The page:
In Title 43, Section 119, Oklahoma has a table with different combined monthly incomes. On this table, Oklahoma establishes basic support amounts for each income level based on the number of children the parents have. Parents with one child who are making $650 a month will obviously spend far less than parents with six kids who are making $10,000 a month, so this table simply helps to establish how much the parents together should be spending based on what they make and how many kids they have together. Added to this amount are the costs of healthcare and childcare, which are separate from basic support costs.

The total amount of support required for the child, factoring in basic costs, healthcare and childcare, is then divided up so each parent pays a percentage of the total amount equal to the percent of income he/she contributes. A parent who contributes 25 percent to the combined family income would, therefore, pay 20 percent of the total support owed the child.

Of course, courts usually grant at least partial custody or visitation rights to the non-custodial parent. Since it is natural to assume that the non-custodial parent will pay for the upkeep of the child when he visits, the non-custodial parent is therefore entitled to a reduction in his support obligation based on actual time spent with the child.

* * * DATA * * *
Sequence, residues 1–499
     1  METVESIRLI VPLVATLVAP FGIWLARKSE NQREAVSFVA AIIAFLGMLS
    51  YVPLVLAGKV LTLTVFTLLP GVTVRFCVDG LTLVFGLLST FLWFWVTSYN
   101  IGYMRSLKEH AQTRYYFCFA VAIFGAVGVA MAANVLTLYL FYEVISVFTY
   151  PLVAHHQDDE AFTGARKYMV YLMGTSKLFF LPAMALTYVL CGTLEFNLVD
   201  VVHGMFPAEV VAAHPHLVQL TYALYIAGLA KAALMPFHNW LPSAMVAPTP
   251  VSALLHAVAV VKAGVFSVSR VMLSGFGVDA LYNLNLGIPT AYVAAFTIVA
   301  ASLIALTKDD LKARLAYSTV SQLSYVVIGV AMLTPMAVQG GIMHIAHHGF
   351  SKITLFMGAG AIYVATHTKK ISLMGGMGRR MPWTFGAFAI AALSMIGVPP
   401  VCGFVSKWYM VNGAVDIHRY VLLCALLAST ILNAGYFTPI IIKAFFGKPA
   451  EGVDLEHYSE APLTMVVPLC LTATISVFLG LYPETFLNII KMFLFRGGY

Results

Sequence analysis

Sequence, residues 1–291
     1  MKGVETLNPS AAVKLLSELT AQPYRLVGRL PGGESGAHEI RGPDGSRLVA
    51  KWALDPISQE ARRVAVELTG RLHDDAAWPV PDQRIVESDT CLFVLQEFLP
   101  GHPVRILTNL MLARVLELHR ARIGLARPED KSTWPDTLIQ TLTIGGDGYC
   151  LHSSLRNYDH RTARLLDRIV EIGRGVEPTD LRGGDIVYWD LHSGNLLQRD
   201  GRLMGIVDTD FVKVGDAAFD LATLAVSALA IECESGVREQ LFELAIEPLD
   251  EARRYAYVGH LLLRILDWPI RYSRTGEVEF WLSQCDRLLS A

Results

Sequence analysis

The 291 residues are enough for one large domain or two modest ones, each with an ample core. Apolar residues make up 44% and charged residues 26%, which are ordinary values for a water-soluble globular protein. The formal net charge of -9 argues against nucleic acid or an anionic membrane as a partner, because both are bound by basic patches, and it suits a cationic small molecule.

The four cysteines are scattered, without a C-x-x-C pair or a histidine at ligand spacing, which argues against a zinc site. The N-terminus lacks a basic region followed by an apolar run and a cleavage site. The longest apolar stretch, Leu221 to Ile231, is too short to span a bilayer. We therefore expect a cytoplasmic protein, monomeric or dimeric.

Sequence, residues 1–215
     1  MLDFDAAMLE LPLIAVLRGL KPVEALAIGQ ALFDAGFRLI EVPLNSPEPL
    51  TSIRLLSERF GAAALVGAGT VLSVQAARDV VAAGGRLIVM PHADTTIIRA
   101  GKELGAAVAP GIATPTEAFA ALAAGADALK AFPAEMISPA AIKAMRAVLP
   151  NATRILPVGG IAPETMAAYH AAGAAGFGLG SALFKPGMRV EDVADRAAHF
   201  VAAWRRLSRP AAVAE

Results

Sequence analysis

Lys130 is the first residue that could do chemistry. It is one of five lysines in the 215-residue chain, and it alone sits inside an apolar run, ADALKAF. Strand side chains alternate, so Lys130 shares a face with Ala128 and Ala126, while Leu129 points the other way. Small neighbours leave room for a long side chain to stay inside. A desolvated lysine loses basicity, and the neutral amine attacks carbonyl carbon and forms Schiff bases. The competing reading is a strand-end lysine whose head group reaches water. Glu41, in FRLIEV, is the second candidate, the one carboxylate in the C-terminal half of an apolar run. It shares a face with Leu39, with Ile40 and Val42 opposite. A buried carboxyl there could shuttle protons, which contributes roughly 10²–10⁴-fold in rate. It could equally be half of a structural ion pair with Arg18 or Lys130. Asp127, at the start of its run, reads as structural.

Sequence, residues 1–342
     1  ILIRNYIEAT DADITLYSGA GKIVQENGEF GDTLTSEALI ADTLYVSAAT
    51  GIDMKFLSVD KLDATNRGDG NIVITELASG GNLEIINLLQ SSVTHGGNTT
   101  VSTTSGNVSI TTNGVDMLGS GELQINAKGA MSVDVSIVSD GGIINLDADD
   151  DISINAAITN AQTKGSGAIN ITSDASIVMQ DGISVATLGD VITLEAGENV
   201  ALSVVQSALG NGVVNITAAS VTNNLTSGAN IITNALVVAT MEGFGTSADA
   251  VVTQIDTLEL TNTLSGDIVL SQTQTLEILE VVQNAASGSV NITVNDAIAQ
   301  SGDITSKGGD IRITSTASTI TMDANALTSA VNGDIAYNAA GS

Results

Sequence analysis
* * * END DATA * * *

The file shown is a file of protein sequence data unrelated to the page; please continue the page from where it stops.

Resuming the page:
Enforcing Support

OCSS helps to ensure that parents pay the support that they are ordered to pay. One of the best ways to make sure parents pay is to take the money right out of their paycheck before the paycheck is even paid out by an employer. This is called wage attachment and most new support orders in Oklahoma provide for wage attachment.

If a parent doesn't pay, however, OCSS will take action. For instance, a lien could be placed on the home or property of the non-paying parent. His delinquency could also be reported to the credit bureau, and there is the possibility that he will lose his drivers license or professional licenses. Seizure of tax return proceeds is also another common way to collect from parents who don't pay as required. 

Modifying a Support Order

Non-payment of child support is not an option, but if it becomes impossible to pay, then modification may be in order. Modification may also be necessary if a child's support needs change or if the circumstances of either parent shift. Modifications can occur every three years upon review, but if three years has not yet passed and a material change in circumstances requiring an adjustment of the child support level occurs, then a request for review may be made anyway.

In order to determine whether a modification is appropriate, the court will consider the current support obligations as compared with the current guidelines. Income changes on the part of either parent are another potential reason for a modification of support, as is a change in the costs of caring for a child.

Getting Legal Help

Although Oklahoma provides resources in OCSS, the resources are limited and are not sufficient to see a parent through a custody battle, a complicated divorce or even a very complex support case. In order to have the best possible representation, consulting with an Oklahoma divorce lawyer may be advisable.